USB is moving up in the world. Specifically, it’s going vertical.
There are plenty of board-level standards out there and even more companies that support them. PCI Express, VMEbus, PC/104, S-bus (remember that one?), ATCA… the list goes on. Board-level standards are as ubiquitous as they are useful, and the healthy board-level market enables a whole layer of system-level integrators and developers. Not everyone wants or needs to develop all their hardware from scratch, so buying boards is a quick way to produce a custom system without ever reaching for the soldering iron.
So in a crowded market like this, you’d think there would be no room for yet another board-level standard, right? Au, contraire, mes amis – we have not heard the last word in this play. There’s still plenty of innovatin’ to be done.
Enter Micro/Sys, a maker of PC/104 boards. For the uninitiated, PC/104 is basically the x86 processor bus (aka, the ISA bus of older PCs) mated to small-form-factor boards. The boards are about the size of your hand and are stackable, one atop the other. Matching top and bottom connectors on each board allow the bus signals to pass through each board in the stack, combing them all electrically as well as physically.
Now Micro/Sys is leading the effort to standardize something called Stackable USB (www.stackableusb.com ). Like PC/104 boards, Stackable USB boards are, well, stackable. Up to 16 boards can be piled up to make a multi-story embedded skyscraper about six inches on a side. As before, connectors pass the USB signals from board to board, along with power and ground, so that the boards make a system-level sandwich. You can pop Stackable USB boards onto a motherboard as expansion cards, or you can use them by themselves, creating a modular stackable system.
In short, Stackable USB is just like PC/104 but replaces the x86 processor bus with the USB 2.0 interface. The familiar USB cable connector is gone, of course, but the electrical specifications all stay the same. The silicon won’t know the difference. Like any USB 2.0 interface, it’s tolerant of older USB 1.1 devices, so you can safely plug in your old keyboard or memory stick.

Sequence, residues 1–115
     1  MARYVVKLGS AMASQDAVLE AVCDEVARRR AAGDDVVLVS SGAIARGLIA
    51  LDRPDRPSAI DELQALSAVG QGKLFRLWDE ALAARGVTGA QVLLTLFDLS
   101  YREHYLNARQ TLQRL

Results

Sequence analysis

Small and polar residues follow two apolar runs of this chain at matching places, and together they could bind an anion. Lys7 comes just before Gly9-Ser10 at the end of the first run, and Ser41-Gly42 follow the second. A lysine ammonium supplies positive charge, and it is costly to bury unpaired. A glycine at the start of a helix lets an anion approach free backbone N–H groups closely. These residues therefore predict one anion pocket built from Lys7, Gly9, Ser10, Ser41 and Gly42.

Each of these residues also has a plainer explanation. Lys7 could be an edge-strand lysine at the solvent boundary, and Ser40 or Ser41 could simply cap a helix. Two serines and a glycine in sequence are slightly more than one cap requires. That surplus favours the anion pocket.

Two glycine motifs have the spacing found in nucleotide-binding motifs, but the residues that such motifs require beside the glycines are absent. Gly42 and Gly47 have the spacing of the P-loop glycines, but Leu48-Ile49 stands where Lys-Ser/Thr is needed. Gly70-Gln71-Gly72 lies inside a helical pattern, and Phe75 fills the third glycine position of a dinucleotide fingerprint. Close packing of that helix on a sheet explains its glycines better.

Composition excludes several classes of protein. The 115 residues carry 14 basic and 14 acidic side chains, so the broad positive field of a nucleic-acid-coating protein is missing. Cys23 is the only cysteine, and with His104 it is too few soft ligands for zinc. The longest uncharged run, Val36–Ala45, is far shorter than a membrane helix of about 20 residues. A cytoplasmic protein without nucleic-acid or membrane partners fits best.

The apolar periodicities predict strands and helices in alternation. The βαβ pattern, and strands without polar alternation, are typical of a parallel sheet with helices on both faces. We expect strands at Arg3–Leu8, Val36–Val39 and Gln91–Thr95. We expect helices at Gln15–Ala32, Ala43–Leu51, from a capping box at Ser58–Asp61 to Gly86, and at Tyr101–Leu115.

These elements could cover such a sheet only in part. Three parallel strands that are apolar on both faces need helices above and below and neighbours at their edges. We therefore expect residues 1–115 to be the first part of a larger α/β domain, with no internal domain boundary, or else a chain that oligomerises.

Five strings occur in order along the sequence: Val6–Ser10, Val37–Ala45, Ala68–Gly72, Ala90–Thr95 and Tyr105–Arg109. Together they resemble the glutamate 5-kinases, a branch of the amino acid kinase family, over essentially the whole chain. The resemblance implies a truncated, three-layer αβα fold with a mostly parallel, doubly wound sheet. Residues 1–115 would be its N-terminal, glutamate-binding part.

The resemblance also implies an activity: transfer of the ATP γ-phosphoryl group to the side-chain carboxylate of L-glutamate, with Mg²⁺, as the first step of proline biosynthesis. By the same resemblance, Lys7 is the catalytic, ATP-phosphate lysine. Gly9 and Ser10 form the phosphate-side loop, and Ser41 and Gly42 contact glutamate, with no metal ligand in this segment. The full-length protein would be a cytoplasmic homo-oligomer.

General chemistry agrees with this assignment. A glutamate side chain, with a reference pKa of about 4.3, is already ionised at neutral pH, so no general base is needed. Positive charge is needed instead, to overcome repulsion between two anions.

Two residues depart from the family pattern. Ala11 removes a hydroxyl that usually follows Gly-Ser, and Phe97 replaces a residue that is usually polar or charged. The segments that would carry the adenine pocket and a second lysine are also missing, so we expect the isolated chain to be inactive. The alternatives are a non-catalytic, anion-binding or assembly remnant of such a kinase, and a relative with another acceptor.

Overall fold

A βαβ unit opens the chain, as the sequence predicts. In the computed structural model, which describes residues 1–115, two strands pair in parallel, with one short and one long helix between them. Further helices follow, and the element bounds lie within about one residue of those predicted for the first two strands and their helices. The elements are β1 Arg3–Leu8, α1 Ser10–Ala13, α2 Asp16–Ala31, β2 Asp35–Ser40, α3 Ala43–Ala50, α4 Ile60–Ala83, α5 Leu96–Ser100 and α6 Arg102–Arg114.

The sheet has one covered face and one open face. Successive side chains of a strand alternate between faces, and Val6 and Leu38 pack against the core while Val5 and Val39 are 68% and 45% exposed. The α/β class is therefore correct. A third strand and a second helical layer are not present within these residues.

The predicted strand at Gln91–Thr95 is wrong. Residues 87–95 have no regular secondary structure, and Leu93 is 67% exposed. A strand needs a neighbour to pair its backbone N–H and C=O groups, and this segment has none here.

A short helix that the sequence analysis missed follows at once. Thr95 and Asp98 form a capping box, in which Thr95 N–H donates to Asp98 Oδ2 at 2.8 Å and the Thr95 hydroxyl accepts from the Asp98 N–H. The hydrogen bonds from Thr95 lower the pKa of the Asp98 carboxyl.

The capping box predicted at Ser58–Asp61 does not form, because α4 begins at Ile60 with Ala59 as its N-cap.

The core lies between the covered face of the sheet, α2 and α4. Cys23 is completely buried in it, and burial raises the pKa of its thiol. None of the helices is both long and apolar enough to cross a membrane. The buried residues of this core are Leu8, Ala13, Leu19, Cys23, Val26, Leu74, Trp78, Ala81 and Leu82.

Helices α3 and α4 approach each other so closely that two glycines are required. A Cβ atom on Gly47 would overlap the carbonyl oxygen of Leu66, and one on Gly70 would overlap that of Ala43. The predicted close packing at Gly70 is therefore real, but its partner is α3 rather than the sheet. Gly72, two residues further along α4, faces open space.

There are plenty of advantages to Stackable USB – and a few downsides. In the plus column, USB is processor-agnostic. It doesn’t care what microprocessor or microcontroller you’re using, whereas PC/104 was heavily x86-centric. With PC/104 cards, you pretty much had to use x86 processors, usually the ’186 or ’386 from Intel or AMD. USB, on the other hand, shows up on everything from 8-bit Atmel microcontrollers to 32-bit PowerPC, ARM, and MIPS processors. Now your choice of board doesn’t have to dictate your choice of processor – and, by implication, your choice of software.
This is especially important now that Intel has pulled the plug on its venerable ’186, ’286, and ’386 chips. After a long and productive life, these processors have finally been put out to pasture. The Pentium M is now Intel’s entry-level x86 chip, but that’s way too much processor for many embedded designers. It’s also not clear that that device will have a very long service life. Before you know it, Core 2 Duo or Itanium 2 might be considered embedded processors. The wheels of PC progress move quickly, and embedded designers looking for stability from their x86 vendors are repeatedly disappointed. Divorcing the board interface from the processor interface is one way to maintain some constancy in an impermanent world of continual processor upgrades.
USB also lives up to its name of being universal, or at least ubiquitous. Finding processors and peripheral chips with a USB interface is a piece of cake. You can theoretically plug in anything from a webcam to a GPS receiver to your iPod with little or no trouble. (Granted, many commercial USB devices assume you’ll have Windows or MacOS drivers, but at least the hardware is compatible.) USB’s popularity gives you access to a big world of peripherals and components, cracking open the door to mass-produced products instead of just specialized embedded devices.